And my son's at one of the big four firms and they, uh, they required them to, uh, to learn Python because that's, I mean, it's, it, it's now becoming one of those things. If you're going through a computer science program at a college or university, I would assume you're gonna be picking up Python as a. As a language as opposed to when you and I would've gone through it, it was, uh, you know, it was c and it was basic and some other crazy things.

So, but there's data science programs springing up all over the place, and you were, um, why don't talk a little bit about those and then, and then you and, uh, Clearsense were involved in one. I think that was pretty interesting. Uh, give us an idea of what those programs look like. Sure. So you've got a complete master's program.

Uh, you've got a PhD route as well. Uh, many clinicians, you know, You know, at the, you know, BSS or you know, the MS or you know, PhD level. So, you know, pick your entry point. There's also some really good certificate programs. Um, I would stay with organizations that are academic medical centers. Uh, I'm not gonna name names, but you know, there, there are several.

Um, and they are the ones that are really, you want one that's focused in healthcare. Uh, you really don't want one that's focused outside of healthcare because, It doesn't really make any sense. You're gonna do a hell of a lot of, you know, adapting the, um, the curriculum to, to, to meet your needs. Um, I would definitely do that Coursera thing for, you know, audit purposes.

Um, and then make the decision whether you wanna, um, you know, do the certificate program, um, and you know, from that, you know, MS. Or PhD, uh, you know, Healthcare is employing data scientists, and there's two things that are happening. One, organizations are hiring folks not knowing what a data scientist really needs to do or what one really is, and then six months later they figured out that they find out that they didn't hire what they thought they hired.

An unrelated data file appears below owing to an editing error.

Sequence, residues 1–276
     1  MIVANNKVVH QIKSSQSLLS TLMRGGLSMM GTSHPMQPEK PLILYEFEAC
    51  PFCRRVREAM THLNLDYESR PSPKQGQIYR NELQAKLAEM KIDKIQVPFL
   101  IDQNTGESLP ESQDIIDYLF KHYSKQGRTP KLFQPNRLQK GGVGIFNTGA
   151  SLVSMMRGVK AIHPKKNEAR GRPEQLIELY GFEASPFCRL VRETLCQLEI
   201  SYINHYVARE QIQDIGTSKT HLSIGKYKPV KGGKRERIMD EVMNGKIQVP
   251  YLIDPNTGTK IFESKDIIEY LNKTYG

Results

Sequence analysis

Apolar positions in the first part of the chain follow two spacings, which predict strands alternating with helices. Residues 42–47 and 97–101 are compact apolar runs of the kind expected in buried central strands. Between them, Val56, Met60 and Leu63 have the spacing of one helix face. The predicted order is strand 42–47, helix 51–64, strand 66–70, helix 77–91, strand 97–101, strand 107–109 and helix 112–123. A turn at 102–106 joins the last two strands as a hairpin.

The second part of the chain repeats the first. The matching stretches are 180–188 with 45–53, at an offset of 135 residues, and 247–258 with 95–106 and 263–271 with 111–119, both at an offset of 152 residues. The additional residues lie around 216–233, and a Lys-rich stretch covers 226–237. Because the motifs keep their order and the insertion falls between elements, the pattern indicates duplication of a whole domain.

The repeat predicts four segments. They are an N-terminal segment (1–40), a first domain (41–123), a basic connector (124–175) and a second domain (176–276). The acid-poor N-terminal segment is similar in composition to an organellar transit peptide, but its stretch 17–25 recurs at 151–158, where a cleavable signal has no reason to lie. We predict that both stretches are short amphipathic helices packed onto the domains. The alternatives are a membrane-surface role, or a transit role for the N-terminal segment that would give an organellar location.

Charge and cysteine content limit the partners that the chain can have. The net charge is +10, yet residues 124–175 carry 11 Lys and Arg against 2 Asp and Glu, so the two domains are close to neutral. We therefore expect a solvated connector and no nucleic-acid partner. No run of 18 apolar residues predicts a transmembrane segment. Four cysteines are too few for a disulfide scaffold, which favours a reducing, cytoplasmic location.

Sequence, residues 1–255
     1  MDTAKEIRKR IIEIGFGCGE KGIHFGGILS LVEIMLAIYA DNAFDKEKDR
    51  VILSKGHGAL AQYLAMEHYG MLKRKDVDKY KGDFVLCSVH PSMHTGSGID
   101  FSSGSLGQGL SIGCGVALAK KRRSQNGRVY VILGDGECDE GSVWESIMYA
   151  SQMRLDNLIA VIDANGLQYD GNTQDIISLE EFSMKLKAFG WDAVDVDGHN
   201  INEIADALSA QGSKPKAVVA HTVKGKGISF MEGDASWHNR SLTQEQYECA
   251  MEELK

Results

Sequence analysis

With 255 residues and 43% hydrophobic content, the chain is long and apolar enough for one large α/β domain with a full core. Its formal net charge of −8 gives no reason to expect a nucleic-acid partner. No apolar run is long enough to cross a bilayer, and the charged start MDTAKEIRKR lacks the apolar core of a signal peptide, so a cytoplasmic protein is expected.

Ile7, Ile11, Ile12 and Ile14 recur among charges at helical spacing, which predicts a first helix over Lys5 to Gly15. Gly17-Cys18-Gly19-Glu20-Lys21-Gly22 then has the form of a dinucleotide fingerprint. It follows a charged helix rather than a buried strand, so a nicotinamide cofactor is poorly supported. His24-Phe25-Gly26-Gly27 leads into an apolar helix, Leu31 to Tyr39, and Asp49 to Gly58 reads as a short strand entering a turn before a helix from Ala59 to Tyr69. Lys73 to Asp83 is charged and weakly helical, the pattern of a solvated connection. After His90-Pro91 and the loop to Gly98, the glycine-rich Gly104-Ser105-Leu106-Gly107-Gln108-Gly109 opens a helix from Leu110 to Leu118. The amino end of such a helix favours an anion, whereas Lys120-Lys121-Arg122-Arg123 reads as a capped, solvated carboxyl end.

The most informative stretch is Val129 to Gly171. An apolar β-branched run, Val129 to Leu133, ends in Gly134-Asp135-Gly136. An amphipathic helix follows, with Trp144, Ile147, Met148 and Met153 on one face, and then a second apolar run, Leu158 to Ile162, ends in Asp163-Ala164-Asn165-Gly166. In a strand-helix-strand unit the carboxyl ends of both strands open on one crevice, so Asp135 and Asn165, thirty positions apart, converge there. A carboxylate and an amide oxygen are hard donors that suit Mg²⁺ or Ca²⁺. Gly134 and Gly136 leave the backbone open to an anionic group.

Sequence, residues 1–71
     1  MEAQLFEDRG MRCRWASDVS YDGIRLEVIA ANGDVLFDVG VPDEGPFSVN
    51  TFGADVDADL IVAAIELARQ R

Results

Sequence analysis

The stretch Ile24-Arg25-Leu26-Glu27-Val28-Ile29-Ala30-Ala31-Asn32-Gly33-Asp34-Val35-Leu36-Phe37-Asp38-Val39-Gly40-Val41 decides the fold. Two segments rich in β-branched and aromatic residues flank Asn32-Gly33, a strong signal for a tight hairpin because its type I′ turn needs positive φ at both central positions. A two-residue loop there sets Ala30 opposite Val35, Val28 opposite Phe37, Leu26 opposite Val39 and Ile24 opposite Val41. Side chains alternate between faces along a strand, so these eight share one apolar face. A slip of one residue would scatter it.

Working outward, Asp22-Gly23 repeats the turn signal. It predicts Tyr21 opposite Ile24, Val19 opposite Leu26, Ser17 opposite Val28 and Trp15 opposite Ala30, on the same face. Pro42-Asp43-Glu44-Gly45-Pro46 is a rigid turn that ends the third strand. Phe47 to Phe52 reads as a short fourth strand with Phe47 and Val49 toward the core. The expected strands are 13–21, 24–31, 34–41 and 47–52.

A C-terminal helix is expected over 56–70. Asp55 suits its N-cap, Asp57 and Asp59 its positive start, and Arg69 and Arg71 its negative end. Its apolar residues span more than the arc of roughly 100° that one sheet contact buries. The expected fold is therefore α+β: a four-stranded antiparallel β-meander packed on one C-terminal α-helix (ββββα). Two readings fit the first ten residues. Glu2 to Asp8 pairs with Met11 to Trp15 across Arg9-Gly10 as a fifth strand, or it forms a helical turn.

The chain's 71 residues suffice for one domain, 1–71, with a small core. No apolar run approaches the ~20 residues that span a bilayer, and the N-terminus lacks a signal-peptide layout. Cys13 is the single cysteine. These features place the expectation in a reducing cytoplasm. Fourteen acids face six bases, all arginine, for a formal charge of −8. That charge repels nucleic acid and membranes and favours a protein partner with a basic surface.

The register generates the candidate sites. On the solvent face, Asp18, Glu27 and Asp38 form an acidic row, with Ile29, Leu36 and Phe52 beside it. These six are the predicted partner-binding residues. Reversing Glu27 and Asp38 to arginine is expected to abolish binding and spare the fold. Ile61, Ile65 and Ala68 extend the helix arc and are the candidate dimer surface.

So really, all that front work and putting the program in place is, is, you know, really, really essential. Um, and is. Hiring data scientists from domains outside of healthcare and I have, you just have to work with them and, you know, put a data wrangler or, you know, an informaticist alongside of 'em to work side by side.

'cause they can go off in weird tangents, if you will, because of not having the domain knowledge. So let's talk about that. So I'm, I'm gonna build that out. I'm gonna build the program out within my, uh, System. Am I better off taking some clinicians and putting them next to. Taking some clinicians and getting 'em the skills they need to start to play with the data.

Or am I better off, uh, bringing in data scientists and, and matching 'em with clinicians? I mean, what, which, which tends to work better? What do I see that's been the ideal? Um, you've got some really good clinician data wranglers. You've got some nurse informaticists on, on your team. Uh, many of us have, um, marrying them up with a data scientist from outside of healthcare will do two things.

That knowledge transfer of domain will absolutely occur. What's what's. I don't know, maybe more important, that spark of working with a data scientist and seeing what can be done, you know, with that data will, will absolutely occur. And that'll propel, you know, that clinician to, you know, further along their, you know, training and studies and whatnot.

That's what I've experienced. Um, and that's what I've seen that's worked, um, you know, worked really well. You know, I, uh, uh, I mean, there's a lot of exciting things in healthcare. I love the cloud because it brings new levels of efficiency. Uh, consumer trends are going to, um, you know, really help take the friction outta healthcare, and I think that's exciting.

IoT is gonna allow us to, uh, reach beyond our walls. But, uh, data clearly has the ability to transform healthcare if applied correctly in the right places. Uh, it, it, it's one of those, it's one of the things that's gonna affect outcomes costs. Quality access experience. It, it can, it can impact all, uh, all aspects.